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FAQ on Sock Knitting Machines

More FAQ to Follow Soon- Sorry

What is the best sock knitting machine to buy?
      This is my opinion and my opinion only.  1st, you are best off buying one in person so you can see if the metal is still in good condition and all the parts are there to your best knowledge.  A good way to tell if all the parts are there is if you study some of the online manuals that I have on this website before you purchase a machine.
First and foremost, the best sock knitting machine to buy is one that will work.
My preference is a cast iron one as there is a better chance that these machines have not altered their original shape in the years that have passed.
I also like the sock machines with the enclosed lift cams because you don't have to worry when going backwards whether your back needles are up or not.  This may seem trivial, but it really does help when learning on a machine. 

To paint or not to paint...
I have to laugh when supposed restorers say they don't paint or powdercoat the sock machines because it takes away from the value of the machine.  To me, that is just an excuse for not having to go to all the bother.  I've even seen some that have had their rust left on for the sake of keeping it looking 'original'.  Believe me, they did not come with rust in their original condition!
Please don't misunderstand.  I would never strip a machine and repaint or powdercoat one if the condition of it was fair or good.  And I also wouldn't redo one that was very old and rare.
To ease some of your minds, know that I only repaint or powdercoat the sock machines that really absolutely need it.
There is something to be said for both types of machines.-
I love working on a sock machine that has been powdercoated.  It feels much cleaner than the ones that are only 'cleaned up'.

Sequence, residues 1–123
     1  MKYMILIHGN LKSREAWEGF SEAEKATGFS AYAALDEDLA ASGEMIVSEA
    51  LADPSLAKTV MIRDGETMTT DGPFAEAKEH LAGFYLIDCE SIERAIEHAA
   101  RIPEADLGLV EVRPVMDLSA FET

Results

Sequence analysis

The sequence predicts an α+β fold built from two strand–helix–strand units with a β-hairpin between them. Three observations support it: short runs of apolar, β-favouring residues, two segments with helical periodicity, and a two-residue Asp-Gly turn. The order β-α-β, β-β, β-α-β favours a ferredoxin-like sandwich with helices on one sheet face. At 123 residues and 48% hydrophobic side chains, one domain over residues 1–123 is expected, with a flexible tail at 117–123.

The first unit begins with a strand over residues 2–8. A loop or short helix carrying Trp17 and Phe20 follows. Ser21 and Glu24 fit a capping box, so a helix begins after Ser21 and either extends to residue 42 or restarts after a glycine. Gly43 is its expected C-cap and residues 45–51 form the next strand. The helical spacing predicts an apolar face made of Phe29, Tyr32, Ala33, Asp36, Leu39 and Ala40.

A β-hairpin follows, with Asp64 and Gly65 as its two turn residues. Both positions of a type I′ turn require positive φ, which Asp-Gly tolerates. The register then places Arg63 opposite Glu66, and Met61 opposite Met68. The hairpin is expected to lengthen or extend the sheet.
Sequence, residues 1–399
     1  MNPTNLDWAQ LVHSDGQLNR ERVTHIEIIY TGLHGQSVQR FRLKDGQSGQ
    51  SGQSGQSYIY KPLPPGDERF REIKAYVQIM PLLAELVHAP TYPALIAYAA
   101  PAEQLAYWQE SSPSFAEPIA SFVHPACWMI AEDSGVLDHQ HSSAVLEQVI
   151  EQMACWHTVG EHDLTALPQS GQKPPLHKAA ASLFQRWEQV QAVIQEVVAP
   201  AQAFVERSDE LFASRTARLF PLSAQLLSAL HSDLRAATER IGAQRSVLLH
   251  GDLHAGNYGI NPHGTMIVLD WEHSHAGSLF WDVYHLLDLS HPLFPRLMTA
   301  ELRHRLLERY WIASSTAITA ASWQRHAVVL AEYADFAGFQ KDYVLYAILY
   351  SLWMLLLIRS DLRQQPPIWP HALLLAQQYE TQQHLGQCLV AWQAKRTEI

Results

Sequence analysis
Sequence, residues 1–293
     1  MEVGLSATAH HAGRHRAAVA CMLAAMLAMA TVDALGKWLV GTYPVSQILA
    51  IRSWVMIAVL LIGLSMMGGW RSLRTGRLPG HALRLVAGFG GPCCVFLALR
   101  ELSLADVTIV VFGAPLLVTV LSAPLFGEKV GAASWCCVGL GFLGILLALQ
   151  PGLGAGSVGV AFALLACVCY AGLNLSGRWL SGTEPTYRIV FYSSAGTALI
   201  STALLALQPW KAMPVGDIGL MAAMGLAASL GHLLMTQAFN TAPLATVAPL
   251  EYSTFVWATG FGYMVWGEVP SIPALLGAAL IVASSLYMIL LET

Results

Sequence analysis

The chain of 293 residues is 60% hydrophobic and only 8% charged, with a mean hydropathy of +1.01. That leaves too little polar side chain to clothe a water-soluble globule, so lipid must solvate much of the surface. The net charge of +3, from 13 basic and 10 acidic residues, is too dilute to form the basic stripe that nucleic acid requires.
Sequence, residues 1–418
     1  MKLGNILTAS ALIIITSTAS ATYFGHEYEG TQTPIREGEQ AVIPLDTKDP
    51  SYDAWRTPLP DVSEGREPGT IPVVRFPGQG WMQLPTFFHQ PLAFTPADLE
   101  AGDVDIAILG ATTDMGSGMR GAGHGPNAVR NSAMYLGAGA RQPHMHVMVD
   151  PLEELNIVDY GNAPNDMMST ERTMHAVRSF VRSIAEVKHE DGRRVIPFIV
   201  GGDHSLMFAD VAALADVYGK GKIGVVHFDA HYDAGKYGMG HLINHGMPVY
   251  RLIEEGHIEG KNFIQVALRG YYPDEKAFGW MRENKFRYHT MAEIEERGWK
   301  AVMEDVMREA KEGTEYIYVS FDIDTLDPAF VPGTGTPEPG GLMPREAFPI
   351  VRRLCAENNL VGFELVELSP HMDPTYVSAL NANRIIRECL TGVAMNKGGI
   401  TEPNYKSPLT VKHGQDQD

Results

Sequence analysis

But if I do a demonstration, I normally bring one that hasn't been repainted or powdercoated.
I want the people that see them to realize that these sock machines are old.
In the end, it is all up to the individual person and what they want.

Where to buy/find your machine.
If you're very lucky, you might find a machine at an antique store or auction.  I know many people that have found theirs that way.
There is also Ebay, but you really have to study what the machine is supposed to look like before you start bidding.  It's very possible when buying a machine off Ebay that parts have been interchanged.  Even if the machine has the same name (for instance the Legare 400), that doesn't necessarily mean that it has all it's original parts.  Very often the cylinders have been mixed and when receive it, one or more cylinders won't fit.  But again, you may be lucky and get all the original parts the first time you purchase.  There's a very good chance though, that you will end up buying two machines to get one.  Especially if you purchase an old pot metal Auto Knitter. These machines are notorious for having swollen cylinders, cam shells, and ribber dials, due to weather conditions not agreeing with the pot metal.
There are good machines and bad machines, just as there are good restorers and bad restorers.
Whatever you do, take your time and study the machines, pictures, manuals (I have manuals online here for free that you can look at), and ask the person you are getting it from a lot of questions.  Think about what kind of yarn you would like to use with it and what kind of socks you would like to make.  That will give you an idea of what number of slots in your cylinder and ribber dials you will want.












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Updated on 8/5/06